Hoppy: Oi! What's all this then? A little breakfast party and I'm not invited. And it looks like you have a good spread.
(A high pitched fluttering of wings is heard moving a short distance away)
I'm hurt, I really am. Do I not keep the gnats away? Day and night I patrol these windows and this is the thanks I get. I have a mind to leave this place right now.
J.V and FF: You should!
J.V: Hoppy, it's a big world out there, right across the driveway is a place called the 'garage.' It's a wonderful building filled with all kinds of things you'd like.
Hoppy: I know what a 'garage' is, I'm not stupid. My great-great grandmother migrated from there. Unless they did some renovations before I hatched it's still not heated - no way am I'm going there.
J.V and F.F (disappointedly): Oh...
F.F: Well, this has been a fruitless morning, both literally and figuratively. I think I'll go and wait by the compost bucket - unless you were planning on bringing that with you.
J.V: Fine, the banana peel is yours, but only in the bucket.
F.F: Sweet!
Hoppy: And what about little old me? Do I not get a parting gift?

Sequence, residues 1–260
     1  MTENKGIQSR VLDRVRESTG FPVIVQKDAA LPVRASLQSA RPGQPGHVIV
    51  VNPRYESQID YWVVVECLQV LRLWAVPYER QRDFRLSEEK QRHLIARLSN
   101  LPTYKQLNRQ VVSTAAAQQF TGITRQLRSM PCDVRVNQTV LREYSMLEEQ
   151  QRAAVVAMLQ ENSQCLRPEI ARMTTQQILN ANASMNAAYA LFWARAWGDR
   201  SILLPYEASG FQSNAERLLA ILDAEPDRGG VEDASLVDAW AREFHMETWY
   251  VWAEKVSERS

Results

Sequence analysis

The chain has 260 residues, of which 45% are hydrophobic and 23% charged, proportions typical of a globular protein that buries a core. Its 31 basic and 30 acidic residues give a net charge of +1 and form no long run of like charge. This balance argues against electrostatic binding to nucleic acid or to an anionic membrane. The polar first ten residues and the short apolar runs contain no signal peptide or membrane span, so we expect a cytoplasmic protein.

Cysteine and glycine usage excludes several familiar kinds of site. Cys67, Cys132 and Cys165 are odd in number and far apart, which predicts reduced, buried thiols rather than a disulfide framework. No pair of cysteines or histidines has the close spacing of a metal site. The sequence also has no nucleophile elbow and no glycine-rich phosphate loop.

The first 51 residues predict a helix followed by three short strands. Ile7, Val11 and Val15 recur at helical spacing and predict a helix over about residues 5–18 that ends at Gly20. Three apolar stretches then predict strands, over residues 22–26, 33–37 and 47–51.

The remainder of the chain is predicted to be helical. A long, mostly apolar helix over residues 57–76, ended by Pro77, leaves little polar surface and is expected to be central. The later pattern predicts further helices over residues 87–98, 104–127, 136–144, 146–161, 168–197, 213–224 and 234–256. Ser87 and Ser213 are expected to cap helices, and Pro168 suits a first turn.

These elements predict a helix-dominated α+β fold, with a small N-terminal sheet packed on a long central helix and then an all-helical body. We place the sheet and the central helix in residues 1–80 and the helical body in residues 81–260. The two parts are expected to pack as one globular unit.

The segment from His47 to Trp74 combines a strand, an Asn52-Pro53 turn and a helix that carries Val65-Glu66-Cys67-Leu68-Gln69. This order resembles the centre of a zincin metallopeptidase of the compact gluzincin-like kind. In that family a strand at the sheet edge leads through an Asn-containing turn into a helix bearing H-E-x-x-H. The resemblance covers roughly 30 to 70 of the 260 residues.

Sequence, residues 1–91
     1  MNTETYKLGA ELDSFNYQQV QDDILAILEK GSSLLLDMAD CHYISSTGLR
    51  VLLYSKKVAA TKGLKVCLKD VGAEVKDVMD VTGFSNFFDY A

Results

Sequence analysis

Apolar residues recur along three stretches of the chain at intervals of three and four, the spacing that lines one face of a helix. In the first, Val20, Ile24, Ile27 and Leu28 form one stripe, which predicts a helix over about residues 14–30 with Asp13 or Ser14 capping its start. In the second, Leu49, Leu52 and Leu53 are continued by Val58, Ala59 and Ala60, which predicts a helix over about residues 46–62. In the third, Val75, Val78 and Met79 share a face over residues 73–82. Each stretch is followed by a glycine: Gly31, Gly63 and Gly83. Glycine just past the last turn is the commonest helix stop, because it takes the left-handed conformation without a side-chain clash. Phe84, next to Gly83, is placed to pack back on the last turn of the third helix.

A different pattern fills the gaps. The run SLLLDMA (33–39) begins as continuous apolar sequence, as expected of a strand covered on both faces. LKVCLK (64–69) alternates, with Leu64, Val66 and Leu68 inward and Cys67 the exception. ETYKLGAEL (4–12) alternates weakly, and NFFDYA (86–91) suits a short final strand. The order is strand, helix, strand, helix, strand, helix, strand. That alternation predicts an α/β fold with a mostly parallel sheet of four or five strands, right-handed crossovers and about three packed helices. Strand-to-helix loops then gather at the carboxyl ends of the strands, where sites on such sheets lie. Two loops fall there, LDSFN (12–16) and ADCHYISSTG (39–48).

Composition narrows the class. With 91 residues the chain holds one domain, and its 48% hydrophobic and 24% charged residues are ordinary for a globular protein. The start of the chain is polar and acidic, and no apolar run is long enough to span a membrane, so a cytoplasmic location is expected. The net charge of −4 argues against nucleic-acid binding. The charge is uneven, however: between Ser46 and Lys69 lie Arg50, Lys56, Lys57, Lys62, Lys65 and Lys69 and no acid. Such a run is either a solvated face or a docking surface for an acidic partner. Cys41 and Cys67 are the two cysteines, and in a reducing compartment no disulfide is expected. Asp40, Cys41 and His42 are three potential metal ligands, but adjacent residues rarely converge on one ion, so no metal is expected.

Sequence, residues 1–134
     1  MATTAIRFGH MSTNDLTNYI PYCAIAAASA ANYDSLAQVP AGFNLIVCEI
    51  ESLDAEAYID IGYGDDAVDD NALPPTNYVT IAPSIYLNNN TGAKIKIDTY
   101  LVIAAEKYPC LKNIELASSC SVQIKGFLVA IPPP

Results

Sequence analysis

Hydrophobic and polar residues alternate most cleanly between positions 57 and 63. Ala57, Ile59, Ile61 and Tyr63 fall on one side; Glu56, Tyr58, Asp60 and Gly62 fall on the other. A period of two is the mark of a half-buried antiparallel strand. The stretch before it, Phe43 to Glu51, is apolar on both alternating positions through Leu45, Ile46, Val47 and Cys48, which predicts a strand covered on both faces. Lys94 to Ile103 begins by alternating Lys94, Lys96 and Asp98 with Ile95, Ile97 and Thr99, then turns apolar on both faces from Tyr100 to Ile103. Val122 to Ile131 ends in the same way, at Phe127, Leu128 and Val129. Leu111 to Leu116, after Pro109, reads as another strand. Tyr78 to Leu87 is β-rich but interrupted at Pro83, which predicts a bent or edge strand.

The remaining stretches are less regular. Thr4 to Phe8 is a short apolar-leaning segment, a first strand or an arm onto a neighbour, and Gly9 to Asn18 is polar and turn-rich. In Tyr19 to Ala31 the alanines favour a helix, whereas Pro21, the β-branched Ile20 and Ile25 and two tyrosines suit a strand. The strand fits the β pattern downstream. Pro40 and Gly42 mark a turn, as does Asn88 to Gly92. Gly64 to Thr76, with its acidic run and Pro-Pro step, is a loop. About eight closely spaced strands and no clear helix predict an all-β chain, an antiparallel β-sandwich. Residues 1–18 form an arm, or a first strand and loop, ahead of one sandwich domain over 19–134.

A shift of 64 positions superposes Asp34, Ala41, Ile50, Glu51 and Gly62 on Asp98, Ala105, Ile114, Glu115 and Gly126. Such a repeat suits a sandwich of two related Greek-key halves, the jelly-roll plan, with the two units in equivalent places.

J.V: Besides a warm to place to live free of natural predators and a steady supply gnats?
Hoppy: Oh right. Speaking of which, I see one now. I'm off then.
J.V: (sigh)

Monday, September 17, 2007

paint it black

I will warn you now that this story doesn't really go anywhere, it's just something I remember from my childhood and a mystery that will forever linger in my mind:

I lived in something of a paradox when I was young boy. On one hand, I had a neurotic, over protective mother, on the other she worked 12 hour shifts and I was given a great deal of freedom during that time.
At the age of 6, I was a 'latch key kid.' I had a red cord around my neck that held both my house key and a key to the bike shed of our apartment building. My bike, quite possibly the best inanimate friend a kid could have, was a combination gift from an aunt and my grandfather. My aunt had found it, derelict along a stretch of train tracks. She brought it home and my grandfather fixed it up, painted it black and later presented it to me (to my knowledge he never worked on a bike before or after that). It wasn't my fist bike but it was definitely one of the most memorable.